The Gondry brothers on Las Vegas and falling in love in 8.2 seconds

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We’re all feeling it – in a sprawling vortex of content it’s increasingly difficult to focus on one thing. Even when we watch Netflix we’re scrolling Instagram and in a bloated platform era, our attention spans are reducing; in fact studies say human beings can only concentrate for a meagre eight seconds, one second less than that of a goldfish. One thing that goldfish aren’t capable of is love (we think), and research also shows that it takes just 8.2 seconds to fall in love. While our focus might be diminishing, our primal instinct for passion isn’t going anywhere.

In response to these findings, Michel and Olivier Gondry have shot a series of incredibly short films (yes, 8 seconds long) called Las Vegas Love Stories, all shot in the Park MGM, Paradise, Nevada. The surreal shorts pay tribute to the magical feeling of falling in love, snapshots of different couples in different romantic situations.

In anticipation of the six films being released, we caught up with the Gondry brothers to ask them about love, the impact of technology on our brains, and what they’d do if they only had 8.2 seconds left on Earth. 

Do you think that in your life you’ve ever fallen in love within 8.2 seconds? If so, can you describe it?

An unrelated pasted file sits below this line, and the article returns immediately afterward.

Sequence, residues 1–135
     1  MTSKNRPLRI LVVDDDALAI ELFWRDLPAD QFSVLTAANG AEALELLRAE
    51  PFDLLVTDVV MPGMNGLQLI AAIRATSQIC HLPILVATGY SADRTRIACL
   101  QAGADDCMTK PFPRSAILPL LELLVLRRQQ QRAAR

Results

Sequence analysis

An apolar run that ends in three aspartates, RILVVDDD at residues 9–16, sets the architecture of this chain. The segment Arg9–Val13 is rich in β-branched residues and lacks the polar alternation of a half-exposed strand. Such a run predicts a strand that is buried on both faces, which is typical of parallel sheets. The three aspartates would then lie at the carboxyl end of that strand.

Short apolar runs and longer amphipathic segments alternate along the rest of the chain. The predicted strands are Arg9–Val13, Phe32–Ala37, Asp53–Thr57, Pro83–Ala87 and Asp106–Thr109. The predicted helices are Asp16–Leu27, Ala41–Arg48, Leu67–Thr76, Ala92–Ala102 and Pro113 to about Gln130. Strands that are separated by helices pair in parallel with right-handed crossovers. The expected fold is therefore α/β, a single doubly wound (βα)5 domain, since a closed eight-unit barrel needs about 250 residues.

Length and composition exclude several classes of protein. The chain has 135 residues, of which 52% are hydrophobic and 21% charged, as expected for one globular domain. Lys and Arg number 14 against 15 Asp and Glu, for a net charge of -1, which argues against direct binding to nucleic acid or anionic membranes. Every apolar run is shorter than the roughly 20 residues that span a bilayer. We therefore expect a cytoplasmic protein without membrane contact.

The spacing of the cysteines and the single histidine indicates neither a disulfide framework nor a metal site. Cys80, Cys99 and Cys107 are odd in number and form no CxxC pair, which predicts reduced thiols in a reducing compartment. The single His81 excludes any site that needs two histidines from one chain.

Olivier Gondry: I definitely projected myself in a whole life of love in the first 8 seconds of seeing someone. Many times. Actually fallen in love? No. 

Michel Gondry: I fall in love every 8.2 seconds. It’s very complicated.

Do you think that Joel and Clementine fell in love within 8.2 seconds, on that train?

Michel Gondry: They are in love already, but they don’t know it because they erased each other from their minds.

“Melancholy comes after love is finished and it grows and grows. Melancholy shines light on the love we didn’t know was there” – Michel Gondry

While the films are about love – the most magical feeling we are capable of – there is a sadness to some of them, the music lends them an air of melancholy. Was this deliberate? Is love, in and of itself, sad?

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